- Describe photochemical smog.
- List different means to address photochemical smog.
Photochemical smog is a type of air pollution due to the reaction of solar radiation with airborne pollutant mixtures of nitrogen oxides (NOx) and volatile organic compounds (hydrocarbons). Smog is a byproduct of modern industrialization. Due to industry and the number of motor vehicles, this is more of a problem in large cities that have a warm, sunny and dry climate.
- Oxidation: Photochemical smog is also referred to as oxidizing smog. Oxidation reactions have been defined several ways. In terms of oxygen transfer, oxidation is a gain of oxygen. Oxidation can also be defined as a loss of hydrogen. The most important use of oxidation is described in terms of electron transfer. Oxidation can be described as an increase in oxidation number or loss of electrons. Oxidation numbers represents a distribution of charge. In other words, oxidation numbers represent the charge of the atom if the compound was composed of ions.
- Reduction: Reduction can involve the gain of hydrogen or loss of oxygen. Reduction can refer to the gain of electrons, which results in a decrease in oxidation number.
Formation of Photochemical Smog
The different reactions involved in the formation of photochemical smog are given below.
Step 1: People begin driving in the morning, nitrogen is burned or oxidized
\[N_2 + O_2 \rightarrow 2NO \nonumber \]
- Oxidation number of N2 is 0. The nitrogen in NO has acquired an oxidation number of +2.
Step 2: After a few hours, NO combines with O2, in another oxidation reaction
\[2NO + O_2 \rightarrow 2NO_2 \nonumber \]
- The nitrogen in NO has an oxidation number of +2. The nitrogen in NO2 has an oxidation number of +4.
Step 3: Nitrogen dioxide absorbs light energy, resulting in a reduction reaction
\[NO_2 \rightarrow NO + O \nonumber \]
- The nitrogen in NO2 has an oxidation number of +4 and the nitrogen in NO is +2.
Step 4: In sunlight, atomic oxygen combines with oxygen gas to form ozone
\[O + O_2 \rightarrow O_3 \nonumber \]
Step 5: Reaction is temperature and sunlight dependent
\[O_3 + NO \rightleftharpoons NO_2 + O_2 \nonumber \]
NO and NO2 can also react with the hydrocarbons instead of ozone to form other volatile compounds known as PAN (peroxyacetyl nitrate) as shown in Figure . The accumulation of ozone and volatile organic compounds along with the energy from the sun forms the brown, photochemical smog seen on hot, sunny days. Panoramic view of Santiago covered by a layer of smog on May 10, 2006. The Metropolitan Region of Santiago facing the driest autumn last 28 years due to lack of rainfall, which coupled with poor air circulation, causes an increase in smog.
Because ozone is highly reactive, it has the ability to oxidize and destroy lung tissue. Short term exposures to elevated levels of ozone (above .75 ppm) have been linked to a host of respiratory irritations including coughing, wheezing, substernal soreness, pharyngitis, and dyspnea. Prolonged exposure to the molecule has been proven to cause a permanent reduction in lung function, as well as elevate the risk of developing asthma. Sulfur dioxide is a common component of London smog. Epidemiological studies have linked short term sulfur dioxide exposure to respiratory irritations including coughing, wheezing, and pharyngitis.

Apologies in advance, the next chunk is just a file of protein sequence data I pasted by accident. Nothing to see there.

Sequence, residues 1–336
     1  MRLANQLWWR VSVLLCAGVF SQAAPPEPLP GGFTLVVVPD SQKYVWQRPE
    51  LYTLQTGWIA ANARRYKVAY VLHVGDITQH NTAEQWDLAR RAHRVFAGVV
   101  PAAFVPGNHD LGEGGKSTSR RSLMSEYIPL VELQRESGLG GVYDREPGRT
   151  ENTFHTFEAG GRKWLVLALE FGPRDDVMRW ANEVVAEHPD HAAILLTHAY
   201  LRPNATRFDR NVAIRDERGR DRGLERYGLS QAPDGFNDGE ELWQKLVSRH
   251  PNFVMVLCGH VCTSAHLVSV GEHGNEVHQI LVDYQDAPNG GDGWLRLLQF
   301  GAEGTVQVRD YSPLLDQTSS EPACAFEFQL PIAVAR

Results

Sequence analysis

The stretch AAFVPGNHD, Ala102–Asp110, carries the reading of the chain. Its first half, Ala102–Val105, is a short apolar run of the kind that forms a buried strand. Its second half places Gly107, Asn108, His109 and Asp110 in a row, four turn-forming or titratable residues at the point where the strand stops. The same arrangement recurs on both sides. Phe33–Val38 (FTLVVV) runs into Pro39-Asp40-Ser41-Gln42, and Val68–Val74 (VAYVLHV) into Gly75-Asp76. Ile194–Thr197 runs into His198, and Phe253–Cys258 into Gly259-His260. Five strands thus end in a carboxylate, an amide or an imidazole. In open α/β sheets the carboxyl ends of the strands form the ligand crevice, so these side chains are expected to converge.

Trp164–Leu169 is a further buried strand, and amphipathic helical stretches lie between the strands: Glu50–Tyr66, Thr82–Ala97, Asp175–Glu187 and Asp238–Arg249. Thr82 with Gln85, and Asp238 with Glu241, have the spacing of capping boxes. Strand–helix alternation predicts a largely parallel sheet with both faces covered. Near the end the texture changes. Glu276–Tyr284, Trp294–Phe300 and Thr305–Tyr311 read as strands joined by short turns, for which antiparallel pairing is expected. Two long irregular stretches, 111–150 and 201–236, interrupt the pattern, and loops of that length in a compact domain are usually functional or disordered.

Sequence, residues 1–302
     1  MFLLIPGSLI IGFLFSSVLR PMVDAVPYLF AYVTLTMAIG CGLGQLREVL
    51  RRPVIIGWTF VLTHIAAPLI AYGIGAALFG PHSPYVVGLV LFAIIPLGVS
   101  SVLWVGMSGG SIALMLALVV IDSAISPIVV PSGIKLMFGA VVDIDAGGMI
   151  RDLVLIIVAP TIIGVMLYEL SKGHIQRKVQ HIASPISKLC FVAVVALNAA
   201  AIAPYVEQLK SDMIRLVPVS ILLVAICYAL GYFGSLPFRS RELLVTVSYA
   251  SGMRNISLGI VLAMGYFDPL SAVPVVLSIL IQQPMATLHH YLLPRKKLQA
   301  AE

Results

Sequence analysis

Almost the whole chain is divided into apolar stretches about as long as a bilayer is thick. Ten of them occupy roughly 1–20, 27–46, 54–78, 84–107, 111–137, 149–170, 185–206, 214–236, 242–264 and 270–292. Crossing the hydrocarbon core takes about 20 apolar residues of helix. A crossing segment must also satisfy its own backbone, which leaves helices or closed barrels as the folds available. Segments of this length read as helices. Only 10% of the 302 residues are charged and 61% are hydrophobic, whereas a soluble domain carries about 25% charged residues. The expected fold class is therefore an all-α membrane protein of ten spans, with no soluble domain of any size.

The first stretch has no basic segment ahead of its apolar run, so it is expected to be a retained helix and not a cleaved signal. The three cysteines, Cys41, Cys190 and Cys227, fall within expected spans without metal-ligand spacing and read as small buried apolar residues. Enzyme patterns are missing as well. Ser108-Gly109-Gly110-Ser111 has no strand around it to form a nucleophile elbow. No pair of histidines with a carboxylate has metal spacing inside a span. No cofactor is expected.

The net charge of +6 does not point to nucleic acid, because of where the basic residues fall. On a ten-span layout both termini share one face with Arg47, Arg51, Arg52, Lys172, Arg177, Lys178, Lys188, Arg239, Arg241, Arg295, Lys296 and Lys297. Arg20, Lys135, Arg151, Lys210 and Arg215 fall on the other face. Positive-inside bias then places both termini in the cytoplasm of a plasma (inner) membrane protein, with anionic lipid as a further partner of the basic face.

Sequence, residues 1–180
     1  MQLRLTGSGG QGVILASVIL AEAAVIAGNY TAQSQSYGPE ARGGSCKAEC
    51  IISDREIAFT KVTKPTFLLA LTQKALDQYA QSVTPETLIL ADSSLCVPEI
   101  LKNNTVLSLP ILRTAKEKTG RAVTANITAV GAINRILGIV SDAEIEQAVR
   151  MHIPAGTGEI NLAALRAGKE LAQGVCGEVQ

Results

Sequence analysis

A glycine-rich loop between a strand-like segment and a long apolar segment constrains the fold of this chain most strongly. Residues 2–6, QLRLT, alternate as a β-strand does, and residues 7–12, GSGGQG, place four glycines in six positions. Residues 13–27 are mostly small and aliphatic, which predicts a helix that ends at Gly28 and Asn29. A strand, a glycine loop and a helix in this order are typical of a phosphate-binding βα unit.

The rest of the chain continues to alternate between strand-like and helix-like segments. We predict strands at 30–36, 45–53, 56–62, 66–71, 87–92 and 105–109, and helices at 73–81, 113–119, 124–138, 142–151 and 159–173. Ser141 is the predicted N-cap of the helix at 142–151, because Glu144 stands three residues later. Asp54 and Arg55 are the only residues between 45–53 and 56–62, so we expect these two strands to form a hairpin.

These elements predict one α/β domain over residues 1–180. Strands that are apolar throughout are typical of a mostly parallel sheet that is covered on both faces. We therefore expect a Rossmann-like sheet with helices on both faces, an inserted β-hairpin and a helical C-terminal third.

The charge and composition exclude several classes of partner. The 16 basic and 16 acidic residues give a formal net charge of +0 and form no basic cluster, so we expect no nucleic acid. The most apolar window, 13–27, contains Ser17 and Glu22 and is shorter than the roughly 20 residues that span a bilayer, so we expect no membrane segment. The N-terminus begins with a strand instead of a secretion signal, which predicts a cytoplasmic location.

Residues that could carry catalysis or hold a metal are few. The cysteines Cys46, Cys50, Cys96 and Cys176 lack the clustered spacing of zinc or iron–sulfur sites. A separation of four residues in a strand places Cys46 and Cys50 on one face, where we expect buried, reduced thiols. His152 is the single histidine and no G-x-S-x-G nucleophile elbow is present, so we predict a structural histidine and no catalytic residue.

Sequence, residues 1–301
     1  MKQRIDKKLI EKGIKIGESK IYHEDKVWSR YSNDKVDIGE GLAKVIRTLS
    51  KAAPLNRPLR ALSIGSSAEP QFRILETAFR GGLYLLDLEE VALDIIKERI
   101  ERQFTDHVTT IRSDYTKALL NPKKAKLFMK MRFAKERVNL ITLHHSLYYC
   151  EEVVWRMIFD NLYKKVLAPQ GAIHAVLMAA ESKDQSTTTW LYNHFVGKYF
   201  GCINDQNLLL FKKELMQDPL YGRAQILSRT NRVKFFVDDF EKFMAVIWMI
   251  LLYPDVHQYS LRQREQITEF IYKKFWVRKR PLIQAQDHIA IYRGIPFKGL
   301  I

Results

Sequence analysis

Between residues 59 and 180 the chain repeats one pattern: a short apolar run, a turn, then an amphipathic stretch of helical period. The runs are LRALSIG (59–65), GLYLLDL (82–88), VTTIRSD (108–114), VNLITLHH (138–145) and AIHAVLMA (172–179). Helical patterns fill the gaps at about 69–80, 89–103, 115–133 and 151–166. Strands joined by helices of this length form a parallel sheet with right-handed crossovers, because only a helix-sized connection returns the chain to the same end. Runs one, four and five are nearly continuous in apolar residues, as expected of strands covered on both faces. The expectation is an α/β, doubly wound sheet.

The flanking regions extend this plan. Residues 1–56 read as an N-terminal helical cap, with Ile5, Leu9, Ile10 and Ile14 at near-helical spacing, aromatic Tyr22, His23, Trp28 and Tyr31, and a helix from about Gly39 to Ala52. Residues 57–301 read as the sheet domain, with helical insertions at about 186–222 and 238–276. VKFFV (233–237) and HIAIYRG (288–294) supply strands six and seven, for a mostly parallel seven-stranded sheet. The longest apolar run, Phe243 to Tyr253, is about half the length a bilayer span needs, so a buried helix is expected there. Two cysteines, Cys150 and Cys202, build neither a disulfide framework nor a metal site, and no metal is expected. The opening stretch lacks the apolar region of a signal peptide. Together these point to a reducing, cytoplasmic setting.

Other Harmful Effects of Smog
Plants are harmed by exposure to nitrogen oxides, ozone, and peroxyacetyl nitrate (PAN, see above), all oxidants present in a smoggy atmosphere. PAN is the most harmful of these constituents, damaging younger plant leaves, especially. Ozone exposure causes formation of yellow spots on leaves, a condition called chlorotic stippling. Some plant species, including sword-leaf lettuce, black nightshade, quickweed, and double-fortune tomato, are extremely susceptible to damage by oxidant species in smog and are used as bioindicators of the presence of smog. Costs of crop and orchard damage by smog run into millions of dollars per year in areas prone to this kind of air pollution, such as southern California.
Materials that are adversely affected by smog are generally those that are attacked by oxidants. The best example of such a material is rubber, especially natural rubber, which is attacked by ozone. Indeed, the hardening and cracking of natural rubber has been used as a test for atmospheric ozone.
Visibility-reducing atmospheric aerosol particles are the most common manifestation of the harm done to atmospheric quality by smog. The smog-forming process occurs by the oxidation of organic materials in the atmosphere, and carbon-containing organic materials are the most common constituents of the aerosol particles in an atmosphere afflicted by smog. Conifer trees(pine and cypress) and citrus trees are major contributors to the organic hydrocarbons that are precursors to organic particle formation in smog.
Controlling Photochemical Smog